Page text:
You have permission to edit this article.

Coldplay's new album goes back to their signature sound

  • Updated
  • 0
  • 2 min to read
Coldplay's "A Head Full of Dreams"

The album cover for Coldplay's "A Head Full of Dreams"

This Friday, Coldplay released their seventh studio album "A Head Full of Dreams." The album is exactly what you would expect from Coldplay.

Coming off of 2014’s "Ghost Stories," this album marks a new lyrical direction for the band. "Ghost Stories" was definitely a breakup album, coming right after lead singer Chris Martin divorced actress Gwyneth Paltrow, which was met with wide ridicule after Paltrow described the event as a “conscious uncoupling."

"A Head Full of Dreams" sees Coldplay’s return to their more upbeat pop rock style, with some songs that reflect the hopefulness of moving on in life and others that dwell on the sadness that events like divorce can bring.

The clear standout song on the album is “Hymn For The Weekend” which features an uncredited Beyonce vocal. The song is a triumphantly positive song. Martin and Beyonce’s vocals blend seamlessly when they harmonize. While the decision to use Beyonce primarily as a backup singer is definitely questionable, the song is still fantastic. It’s one to sing with your friends as you’re getting ready to go out on a Friday night. “Hymn For The Weekend” is Coldplay’s contribution to the party song genre, and it fits right in.

The other song on the album that’s sure to get a lot of attention is “Everglow” which features Paltrow’s vocals and is sure to be much analyzed. Martin told Zane Lowe that the song is “after you’ve been through the sadness of something, you also get this everglow,” which makes the song so much more tempting for celebrity gossip sources.

That’s unfortunate because the album has much more interesting songs to focus on, like the Tove Lo collaboration “Fun” or the title track, which are both solid songs.

However, the album has its weak moments. “Kaleidoscope” is a one minute long interlude that is one minute too long, featuring a clip of Barack Obama singing “Amazing Grace” as well as poet Coleman Barks, who reads a translation of a Rumi poem “The Guest House.” This interlude alone will give Coldplay haters an endless punchline, but the strangeness of the one song should not detract from the album as a whole. The song “X Marks the Spot” is similarly out of place. The rest of the album is fairly cohesive, but those two tracks just don’t gel with the rest of the album. However, the good on the album far outweighs the strange.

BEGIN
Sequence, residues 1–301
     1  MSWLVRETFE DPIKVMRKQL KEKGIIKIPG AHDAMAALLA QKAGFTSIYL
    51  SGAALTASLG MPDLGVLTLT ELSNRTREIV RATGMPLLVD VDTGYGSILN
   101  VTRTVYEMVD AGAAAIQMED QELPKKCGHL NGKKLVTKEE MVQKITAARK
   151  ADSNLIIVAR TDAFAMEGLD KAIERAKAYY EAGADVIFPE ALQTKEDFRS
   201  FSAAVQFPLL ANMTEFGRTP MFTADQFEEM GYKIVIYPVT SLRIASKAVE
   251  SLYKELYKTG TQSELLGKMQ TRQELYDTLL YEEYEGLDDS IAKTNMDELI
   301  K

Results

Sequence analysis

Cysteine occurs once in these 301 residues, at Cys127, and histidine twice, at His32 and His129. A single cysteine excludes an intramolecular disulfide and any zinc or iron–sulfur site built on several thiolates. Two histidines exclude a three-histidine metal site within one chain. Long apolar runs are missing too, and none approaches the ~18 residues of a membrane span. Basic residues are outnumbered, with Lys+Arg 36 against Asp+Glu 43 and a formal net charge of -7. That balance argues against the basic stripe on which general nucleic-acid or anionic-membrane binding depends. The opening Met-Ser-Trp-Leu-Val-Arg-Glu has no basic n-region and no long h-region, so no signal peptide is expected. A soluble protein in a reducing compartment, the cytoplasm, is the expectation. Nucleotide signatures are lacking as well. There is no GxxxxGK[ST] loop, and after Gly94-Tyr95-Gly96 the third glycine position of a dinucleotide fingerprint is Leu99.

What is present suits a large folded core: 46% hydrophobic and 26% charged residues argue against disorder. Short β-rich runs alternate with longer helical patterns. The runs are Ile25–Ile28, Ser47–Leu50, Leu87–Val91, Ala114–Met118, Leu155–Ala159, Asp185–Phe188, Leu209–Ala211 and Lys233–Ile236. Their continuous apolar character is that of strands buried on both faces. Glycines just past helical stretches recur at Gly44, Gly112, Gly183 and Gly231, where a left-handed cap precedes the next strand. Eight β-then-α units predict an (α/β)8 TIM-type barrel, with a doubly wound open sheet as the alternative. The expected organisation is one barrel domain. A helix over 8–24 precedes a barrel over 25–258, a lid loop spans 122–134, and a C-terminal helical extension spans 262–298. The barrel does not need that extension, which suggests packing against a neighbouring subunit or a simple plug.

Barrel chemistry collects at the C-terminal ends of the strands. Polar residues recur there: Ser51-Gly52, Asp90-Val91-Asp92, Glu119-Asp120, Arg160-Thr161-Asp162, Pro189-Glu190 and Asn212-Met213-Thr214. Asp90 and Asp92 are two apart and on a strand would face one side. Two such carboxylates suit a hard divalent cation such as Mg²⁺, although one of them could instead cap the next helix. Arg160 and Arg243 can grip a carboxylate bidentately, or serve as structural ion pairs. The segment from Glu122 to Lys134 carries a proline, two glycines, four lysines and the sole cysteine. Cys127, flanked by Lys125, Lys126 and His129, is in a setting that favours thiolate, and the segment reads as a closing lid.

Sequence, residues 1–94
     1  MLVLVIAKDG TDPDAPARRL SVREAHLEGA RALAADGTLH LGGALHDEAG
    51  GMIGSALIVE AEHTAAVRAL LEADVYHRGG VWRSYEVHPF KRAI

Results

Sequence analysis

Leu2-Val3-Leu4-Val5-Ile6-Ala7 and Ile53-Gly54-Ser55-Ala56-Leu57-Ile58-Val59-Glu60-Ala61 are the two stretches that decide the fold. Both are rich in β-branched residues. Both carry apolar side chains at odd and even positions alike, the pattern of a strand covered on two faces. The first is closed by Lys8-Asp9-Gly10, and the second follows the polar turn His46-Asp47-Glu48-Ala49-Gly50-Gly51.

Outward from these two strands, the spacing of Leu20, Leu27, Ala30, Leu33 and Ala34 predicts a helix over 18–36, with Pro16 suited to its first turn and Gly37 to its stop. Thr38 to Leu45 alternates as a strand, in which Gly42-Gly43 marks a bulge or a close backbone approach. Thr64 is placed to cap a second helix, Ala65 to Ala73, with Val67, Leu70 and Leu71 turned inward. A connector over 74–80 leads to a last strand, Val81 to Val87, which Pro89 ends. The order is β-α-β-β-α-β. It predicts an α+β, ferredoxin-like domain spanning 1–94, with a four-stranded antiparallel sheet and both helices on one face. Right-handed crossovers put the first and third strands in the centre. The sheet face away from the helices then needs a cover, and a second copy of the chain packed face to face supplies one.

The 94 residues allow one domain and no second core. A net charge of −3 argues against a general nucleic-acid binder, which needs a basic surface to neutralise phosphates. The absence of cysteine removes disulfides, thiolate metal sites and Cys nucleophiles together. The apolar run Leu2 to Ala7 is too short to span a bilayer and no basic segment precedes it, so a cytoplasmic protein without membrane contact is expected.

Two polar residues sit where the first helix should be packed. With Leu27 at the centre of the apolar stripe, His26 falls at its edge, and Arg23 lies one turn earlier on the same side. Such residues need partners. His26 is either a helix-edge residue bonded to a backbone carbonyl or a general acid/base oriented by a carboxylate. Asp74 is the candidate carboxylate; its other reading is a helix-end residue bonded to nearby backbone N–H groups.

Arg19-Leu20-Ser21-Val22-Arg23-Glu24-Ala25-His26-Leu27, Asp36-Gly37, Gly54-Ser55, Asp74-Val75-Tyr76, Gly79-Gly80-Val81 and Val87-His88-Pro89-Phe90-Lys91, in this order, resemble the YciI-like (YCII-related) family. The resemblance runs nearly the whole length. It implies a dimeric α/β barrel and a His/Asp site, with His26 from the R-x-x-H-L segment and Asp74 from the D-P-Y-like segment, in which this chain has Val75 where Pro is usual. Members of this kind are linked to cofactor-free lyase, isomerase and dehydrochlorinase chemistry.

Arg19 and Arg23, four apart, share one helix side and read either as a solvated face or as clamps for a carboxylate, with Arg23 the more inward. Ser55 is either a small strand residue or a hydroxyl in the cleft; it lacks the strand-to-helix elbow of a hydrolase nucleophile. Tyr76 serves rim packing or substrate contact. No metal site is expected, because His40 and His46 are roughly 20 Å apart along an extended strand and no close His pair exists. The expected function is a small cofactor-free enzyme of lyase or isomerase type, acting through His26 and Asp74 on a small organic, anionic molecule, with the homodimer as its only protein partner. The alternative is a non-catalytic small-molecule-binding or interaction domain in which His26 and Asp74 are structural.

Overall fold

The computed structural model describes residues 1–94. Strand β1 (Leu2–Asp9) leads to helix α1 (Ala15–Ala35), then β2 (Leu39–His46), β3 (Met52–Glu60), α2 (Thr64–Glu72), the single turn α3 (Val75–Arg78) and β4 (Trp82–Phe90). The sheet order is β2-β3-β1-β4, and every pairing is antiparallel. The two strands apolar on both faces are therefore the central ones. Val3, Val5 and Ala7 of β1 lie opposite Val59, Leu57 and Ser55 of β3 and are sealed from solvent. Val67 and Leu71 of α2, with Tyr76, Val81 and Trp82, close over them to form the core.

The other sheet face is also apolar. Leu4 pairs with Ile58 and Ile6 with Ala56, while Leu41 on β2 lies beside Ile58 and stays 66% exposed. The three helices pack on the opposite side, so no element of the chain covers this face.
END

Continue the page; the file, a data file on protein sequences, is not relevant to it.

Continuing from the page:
Martin has been very vague when discussing this album. Also in a conversation with Zane Lowe, Martin remarked that the album was “a completion of something” and compared it to the seventh "Harry Potter" book. Whether Coldplay is going to continue releasing music has yet to be announced, but fans are certainly on the edge of their seats.

The band has decided not to stream the album on Spotify as of yet, choosing instead to only release it for streaming on Apple Music. People might consider getting to know this album, as Coldplay will probably play some of the songs for the Super Bowl halftime show. 

Support independent journalism serving OU

Do you appreciate the work we do as the only independent media outlet dedicated to serving OU students, faculty, staff and alumni on campus and around the world for more than 100 years?

Then consider helping fund our endeavors. Around the world, communities are grappling with what journalism is worth and how to fund the civic good that robust news organizations can generate. We believe The OU Daily and Crimson Quarterly magazine provide real value to this community both now by covering OU, and tomorrow by helping launch the careers of media professionals.

If you’re able, please SUPPORT US TODAY FOR AS LITTLE AS $1. You can make a one-time donation or a recurring pledge.

Load comments